• Schleswig-Holstein’s sustainability report draws on the 17 UN SDGs to create eight action points for the Land.
  • The focus is on good governance and social engagement, healthy living, education, social justice, infrastructure and climate protection, sustainable management and resource conservation, safeguarding of natural resources and global responsibility.
  • The Ministry of Energy, Agriculture, the Environment, Nature and Digitalization and the State Chancellery are jointly responsible.


Thuringia’s latest sustainability strategy was adopted in August 2018 and follows on from its first strategy from 2011. It is now based on the 17 SDGs and incorporates the results of discourse with a broad section of civil society.

  • Thuringia’s strategy includes 5 priorities: “Education and lifelong learning”, “Climate, energy and sustainable mobility”, “Sustainable consumption and business”, “Biodiversity protection”  and “Reducing inequality”.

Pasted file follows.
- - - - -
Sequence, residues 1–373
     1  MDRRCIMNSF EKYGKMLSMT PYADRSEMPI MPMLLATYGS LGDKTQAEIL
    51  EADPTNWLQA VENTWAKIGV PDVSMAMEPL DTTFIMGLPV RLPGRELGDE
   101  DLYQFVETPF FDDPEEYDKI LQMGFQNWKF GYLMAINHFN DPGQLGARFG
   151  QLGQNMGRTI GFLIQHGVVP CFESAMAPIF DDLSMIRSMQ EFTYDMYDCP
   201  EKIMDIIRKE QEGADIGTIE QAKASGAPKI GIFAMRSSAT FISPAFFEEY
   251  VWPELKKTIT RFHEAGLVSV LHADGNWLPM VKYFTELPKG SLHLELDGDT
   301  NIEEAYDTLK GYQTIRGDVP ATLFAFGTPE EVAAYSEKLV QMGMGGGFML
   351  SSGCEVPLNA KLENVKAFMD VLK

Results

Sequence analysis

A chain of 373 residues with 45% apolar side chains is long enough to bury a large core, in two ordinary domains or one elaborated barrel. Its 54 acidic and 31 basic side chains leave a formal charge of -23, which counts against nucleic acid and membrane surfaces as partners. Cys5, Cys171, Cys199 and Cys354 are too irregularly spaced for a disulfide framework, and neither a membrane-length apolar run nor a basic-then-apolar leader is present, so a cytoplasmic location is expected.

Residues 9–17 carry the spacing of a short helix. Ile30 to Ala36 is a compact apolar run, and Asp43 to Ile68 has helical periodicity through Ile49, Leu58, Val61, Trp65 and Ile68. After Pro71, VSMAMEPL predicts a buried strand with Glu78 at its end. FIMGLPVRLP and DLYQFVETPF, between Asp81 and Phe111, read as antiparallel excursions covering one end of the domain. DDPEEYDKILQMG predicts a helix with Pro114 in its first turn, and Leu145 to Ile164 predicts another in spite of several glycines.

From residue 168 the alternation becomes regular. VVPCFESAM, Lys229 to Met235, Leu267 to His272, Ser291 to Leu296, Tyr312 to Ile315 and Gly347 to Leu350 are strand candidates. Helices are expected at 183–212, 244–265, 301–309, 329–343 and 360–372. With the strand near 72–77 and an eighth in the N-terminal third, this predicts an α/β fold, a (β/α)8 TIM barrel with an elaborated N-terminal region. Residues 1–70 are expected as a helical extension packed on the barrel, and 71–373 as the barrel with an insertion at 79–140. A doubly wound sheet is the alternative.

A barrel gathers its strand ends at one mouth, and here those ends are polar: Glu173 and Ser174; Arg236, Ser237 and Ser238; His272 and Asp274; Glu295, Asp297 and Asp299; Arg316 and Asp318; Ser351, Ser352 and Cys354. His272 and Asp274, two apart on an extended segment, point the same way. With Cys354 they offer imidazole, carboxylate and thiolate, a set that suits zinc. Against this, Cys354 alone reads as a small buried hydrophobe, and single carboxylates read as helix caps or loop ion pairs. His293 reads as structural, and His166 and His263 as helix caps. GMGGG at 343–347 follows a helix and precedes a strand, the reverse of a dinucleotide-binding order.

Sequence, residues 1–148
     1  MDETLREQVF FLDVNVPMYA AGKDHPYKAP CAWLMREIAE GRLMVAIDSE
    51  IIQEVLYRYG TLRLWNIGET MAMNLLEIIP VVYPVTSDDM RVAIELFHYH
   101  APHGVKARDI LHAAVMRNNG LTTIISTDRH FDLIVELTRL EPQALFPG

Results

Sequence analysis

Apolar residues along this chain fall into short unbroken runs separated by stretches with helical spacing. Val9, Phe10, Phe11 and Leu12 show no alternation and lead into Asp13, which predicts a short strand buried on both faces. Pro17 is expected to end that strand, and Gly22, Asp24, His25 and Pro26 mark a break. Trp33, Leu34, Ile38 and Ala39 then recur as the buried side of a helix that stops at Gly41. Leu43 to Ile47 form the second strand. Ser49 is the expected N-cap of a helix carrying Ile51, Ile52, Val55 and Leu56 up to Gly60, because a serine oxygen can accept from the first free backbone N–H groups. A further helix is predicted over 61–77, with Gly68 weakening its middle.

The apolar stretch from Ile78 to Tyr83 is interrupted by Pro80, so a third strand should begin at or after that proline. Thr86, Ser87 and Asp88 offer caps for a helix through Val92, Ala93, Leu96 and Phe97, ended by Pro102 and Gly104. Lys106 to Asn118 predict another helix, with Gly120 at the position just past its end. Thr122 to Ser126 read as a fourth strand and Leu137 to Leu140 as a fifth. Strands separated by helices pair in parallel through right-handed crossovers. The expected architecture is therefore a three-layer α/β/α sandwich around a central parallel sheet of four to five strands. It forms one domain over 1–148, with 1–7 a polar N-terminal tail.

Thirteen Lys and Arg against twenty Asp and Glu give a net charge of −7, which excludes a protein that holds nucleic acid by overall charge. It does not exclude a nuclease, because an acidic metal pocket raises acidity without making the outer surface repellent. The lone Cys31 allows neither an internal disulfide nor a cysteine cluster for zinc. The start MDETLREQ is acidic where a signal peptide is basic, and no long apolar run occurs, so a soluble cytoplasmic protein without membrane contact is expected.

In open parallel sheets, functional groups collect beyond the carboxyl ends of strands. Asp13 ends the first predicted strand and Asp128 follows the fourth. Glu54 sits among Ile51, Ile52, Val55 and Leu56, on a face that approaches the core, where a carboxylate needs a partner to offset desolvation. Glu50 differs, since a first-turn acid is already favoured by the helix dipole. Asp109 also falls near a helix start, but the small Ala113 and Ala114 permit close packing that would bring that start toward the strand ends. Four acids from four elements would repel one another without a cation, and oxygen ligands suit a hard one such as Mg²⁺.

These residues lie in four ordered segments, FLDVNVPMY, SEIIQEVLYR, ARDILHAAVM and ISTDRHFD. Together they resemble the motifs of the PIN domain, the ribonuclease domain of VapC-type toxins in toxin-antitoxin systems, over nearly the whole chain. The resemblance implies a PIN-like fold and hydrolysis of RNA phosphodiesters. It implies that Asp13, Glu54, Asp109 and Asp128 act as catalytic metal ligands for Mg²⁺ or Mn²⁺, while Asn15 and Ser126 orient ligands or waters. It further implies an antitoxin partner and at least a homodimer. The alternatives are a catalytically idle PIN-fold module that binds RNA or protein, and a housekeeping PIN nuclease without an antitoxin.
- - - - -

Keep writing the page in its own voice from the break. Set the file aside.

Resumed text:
• Goals include “Maintaining high-quality all-day care for preschool children” and “Reducing the level of debt per resident”, as well as reducing childhood obesity and promoting local public transport, organic farming and renewable energies. Equally, biodiversity promotion is important as well as reducing nutrient discharge in waterways. 
  • The Thuringian Ministry of Environment, Energy and Nature Conservation is the responsible body.


For further information on the sustainability strategies of the individual German Länder, please visit the German federal government website: Länder und Kommunen (bundesregierung.de) (in German).